U.S. Government Does Not Plan To Mandate Vaccine Passports
STEVE INSKEEP, HOST:
Now that millions of people are vaccinated and millions of others are not, should you be asked to show a vaccine passport? That's a popular term for a document that shows you got your COVID shots. The U.K. is piloting such a system, though the government avoids the phrase vaccine passport. Civil liberties advocates, including some in the United States, raised concerns about discrimination. Dr. Anthony Fauci told Politico the federal government is unlikely to require these passports.
(SOUNDBITE OF ARCHIVED RECORDING)
ANTHONY FAUCI: You could foresee how an independent entity might say, well, we can't be dealing with you unless we know you're vaccinated, but it's not going to be mandated from the federal government.
INSKEEP: The nonprofit organization The Commons Project foundation tried to develop a form of the passport. And Paul Meyer, the CEO of that organization, joins us. Good morning.
PAUL MEYER: Good morning.
INSKEEP: I just want to note, when I travel overseas now, there is this yellow sheet of paper with my vaccinations, other vaccinations that another country might ask me to show at passport control. Is that how a vaccine passport would work?
MEYER: Yeah, exactly and certainly the precedent for this. But right now, most countries in the world have testing requirements. So this is currently in use. For example, right now, you can use CommonPass to fly to Aruba and satisfy Aruba's testing requirements. So it's happening right now for testing, and certainly vaccination requirements certainly seem to be arriving, at least with international travel.
INSKEEP: And then your idea, I guess, is a phone app with one of those QR codes. So you just scan it at passport control and everybody would have the same system. Is that your notion?
MEYER: Yeah, it's not an idea. It's working today. So on all flights, for example, on Lufthansa from Germany into the U.S., people are using CommonPass. People are using it to fly to Aruba, soon to fly to Hawaii. So people use CommonPass to connect to a lab or soon to get their vaccination records. They have their information on the phone, and then they can use that information to show that they meet the requirements of their destination without actually having to hand over the information itself. So that's how it serves to protect your data privacy.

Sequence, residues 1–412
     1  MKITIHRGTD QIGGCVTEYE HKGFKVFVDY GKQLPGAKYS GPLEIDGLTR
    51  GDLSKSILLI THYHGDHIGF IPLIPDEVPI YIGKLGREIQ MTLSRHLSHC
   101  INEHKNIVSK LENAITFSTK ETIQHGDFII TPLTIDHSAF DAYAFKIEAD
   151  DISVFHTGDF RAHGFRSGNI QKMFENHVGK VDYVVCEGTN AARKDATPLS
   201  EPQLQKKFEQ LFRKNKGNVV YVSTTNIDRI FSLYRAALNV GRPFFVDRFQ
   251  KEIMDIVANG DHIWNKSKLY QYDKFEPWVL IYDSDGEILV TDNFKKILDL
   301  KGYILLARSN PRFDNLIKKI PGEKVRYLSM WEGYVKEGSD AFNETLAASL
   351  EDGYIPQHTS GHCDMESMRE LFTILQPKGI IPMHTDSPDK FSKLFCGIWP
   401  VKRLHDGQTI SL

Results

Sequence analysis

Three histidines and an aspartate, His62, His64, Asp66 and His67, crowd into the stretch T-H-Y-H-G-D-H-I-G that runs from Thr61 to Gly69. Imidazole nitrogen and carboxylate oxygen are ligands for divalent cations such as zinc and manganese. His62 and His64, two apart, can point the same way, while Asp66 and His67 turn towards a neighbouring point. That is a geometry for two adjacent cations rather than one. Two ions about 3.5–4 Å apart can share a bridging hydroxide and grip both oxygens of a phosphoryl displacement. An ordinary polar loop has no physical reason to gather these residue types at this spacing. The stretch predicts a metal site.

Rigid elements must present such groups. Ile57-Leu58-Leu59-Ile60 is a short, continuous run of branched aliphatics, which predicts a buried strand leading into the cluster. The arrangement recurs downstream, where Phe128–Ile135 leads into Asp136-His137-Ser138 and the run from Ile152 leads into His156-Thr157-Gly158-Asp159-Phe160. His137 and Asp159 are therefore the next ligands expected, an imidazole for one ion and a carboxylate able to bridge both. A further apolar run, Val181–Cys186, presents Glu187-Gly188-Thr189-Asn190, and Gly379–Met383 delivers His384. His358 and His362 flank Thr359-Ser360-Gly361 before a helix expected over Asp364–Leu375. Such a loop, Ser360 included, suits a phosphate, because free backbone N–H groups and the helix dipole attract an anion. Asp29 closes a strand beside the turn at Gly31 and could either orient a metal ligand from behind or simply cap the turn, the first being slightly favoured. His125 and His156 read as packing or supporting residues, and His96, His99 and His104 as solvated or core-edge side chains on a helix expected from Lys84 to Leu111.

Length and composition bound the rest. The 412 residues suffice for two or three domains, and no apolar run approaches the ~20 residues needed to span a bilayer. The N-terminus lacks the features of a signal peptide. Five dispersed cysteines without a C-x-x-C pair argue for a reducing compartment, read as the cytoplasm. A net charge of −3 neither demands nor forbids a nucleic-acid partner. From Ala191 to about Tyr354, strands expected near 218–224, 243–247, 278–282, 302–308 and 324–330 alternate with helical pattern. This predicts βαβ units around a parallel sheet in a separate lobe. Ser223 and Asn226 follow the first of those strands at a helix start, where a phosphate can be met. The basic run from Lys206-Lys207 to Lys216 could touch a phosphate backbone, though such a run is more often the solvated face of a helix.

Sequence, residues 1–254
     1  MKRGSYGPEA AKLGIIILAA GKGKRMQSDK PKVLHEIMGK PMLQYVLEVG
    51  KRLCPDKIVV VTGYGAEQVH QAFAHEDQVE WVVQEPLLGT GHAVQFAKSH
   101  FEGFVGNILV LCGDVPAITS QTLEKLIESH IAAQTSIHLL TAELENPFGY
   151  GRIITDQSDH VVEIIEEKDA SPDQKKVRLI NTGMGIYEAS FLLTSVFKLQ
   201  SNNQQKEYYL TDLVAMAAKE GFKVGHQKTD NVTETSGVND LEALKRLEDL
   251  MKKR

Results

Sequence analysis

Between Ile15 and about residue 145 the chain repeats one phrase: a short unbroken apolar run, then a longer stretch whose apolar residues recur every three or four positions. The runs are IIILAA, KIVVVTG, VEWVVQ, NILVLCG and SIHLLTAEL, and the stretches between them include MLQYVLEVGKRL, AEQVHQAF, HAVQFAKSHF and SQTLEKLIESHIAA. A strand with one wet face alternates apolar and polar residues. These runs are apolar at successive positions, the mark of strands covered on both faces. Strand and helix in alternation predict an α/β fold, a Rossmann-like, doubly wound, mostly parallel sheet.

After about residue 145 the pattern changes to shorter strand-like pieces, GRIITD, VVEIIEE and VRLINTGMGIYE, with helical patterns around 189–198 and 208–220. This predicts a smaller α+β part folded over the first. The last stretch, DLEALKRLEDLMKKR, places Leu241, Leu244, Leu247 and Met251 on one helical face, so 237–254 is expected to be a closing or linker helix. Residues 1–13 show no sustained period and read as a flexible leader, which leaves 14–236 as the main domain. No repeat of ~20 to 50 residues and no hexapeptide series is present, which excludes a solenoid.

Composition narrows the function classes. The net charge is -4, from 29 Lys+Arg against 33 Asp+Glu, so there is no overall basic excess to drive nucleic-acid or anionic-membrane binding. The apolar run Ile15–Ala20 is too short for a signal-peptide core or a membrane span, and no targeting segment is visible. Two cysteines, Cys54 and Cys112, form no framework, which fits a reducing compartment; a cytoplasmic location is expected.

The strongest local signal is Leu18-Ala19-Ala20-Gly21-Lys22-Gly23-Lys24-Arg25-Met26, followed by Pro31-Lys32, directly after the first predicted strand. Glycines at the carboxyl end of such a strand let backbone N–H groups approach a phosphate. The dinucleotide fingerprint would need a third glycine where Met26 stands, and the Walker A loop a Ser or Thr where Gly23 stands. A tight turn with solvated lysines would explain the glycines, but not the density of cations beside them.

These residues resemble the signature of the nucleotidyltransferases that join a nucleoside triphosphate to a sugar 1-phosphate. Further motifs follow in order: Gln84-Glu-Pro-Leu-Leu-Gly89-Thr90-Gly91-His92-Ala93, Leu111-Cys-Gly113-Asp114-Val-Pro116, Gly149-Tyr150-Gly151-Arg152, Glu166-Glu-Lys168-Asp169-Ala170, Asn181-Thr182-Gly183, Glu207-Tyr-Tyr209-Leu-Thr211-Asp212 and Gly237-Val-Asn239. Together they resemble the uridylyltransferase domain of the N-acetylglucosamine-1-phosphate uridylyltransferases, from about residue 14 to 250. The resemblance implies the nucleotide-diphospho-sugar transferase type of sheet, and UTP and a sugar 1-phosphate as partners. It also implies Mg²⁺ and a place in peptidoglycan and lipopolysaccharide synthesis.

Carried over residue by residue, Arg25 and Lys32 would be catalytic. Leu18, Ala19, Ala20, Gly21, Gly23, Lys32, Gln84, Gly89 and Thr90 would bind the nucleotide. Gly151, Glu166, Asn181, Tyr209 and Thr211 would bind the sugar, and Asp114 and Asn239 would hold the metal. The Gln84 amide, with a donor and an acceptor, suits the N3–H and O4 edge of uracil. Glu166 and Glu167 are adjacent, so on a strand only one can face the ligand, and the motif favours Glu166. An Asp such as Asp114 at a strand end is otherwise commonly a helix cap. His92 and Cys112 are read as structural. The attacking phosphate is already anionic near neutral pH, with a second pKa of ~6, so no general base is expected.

INSKEEP: Oh, so you're saying it actually - it gives a little more privacy rather than the opposite.
MEYER: Well, exactly. We don't think you should have to hand over your health records to an airline just to take a flight. But we think there is, you know - and certainly some countries have put requirements in place that you need to actually prove that either you've been tested or you've been vaccinated. So we're trying to let you do that but do it in a way that protects your privacy.
INSKEEP: OK, we're talking about international travel here, which is a fairly simple case because you're already required in many cases to show your vaccinations. There's already a system. It's already a thing that we do. Does it become more complicated, though, if we talk about domestic use, requiring someone to show that on a domestic U.S. flight or to get into a movie theater or some other big event?
MEYER: Well, I think there's also some precedent. I mean, most schools in the country require parents to produce their kids' immunization records every September. Most summer camps do it as well, so, you know - and some school districts. I think Los Angeles already announced that they would require vaccination certificates, proof of vaccination to return to school. So this is just like the Yellow Card international travel, something that's been done with other vaccines previously. And I think we expect that, you know, some employers, some schools, some businesses will make that decision. But ultimately, that's a decision that communities and institutions are going to make for themselves.
INSKEEP: But let me give you a chance to respond to the rather overheated language on this on social media or in right-wing television. And you can understand where people are coming from. They kind of have this fear of the kind of show-me-your-papers kind of state. Is there a point at which this would become intrusive?
MEYER: Well, I think the other way to think about it is there are a lot of things that people are keen to get back to. And being able to demonstrate they and the people that they're going to be with have actually either been tested or been vaccinated is an important in a way of giving people the freedom to get back to normal life.
INSKEEP: Well, Mr. Meyer, thanks so much, really appreciate your time.
MEYER: Thank you.
INSKEEP: Paul Meyer is the CEO of The Commons Project, which developed an app that is a kind of vaccine passport. Transcript provided by NPR, Copyright NPR.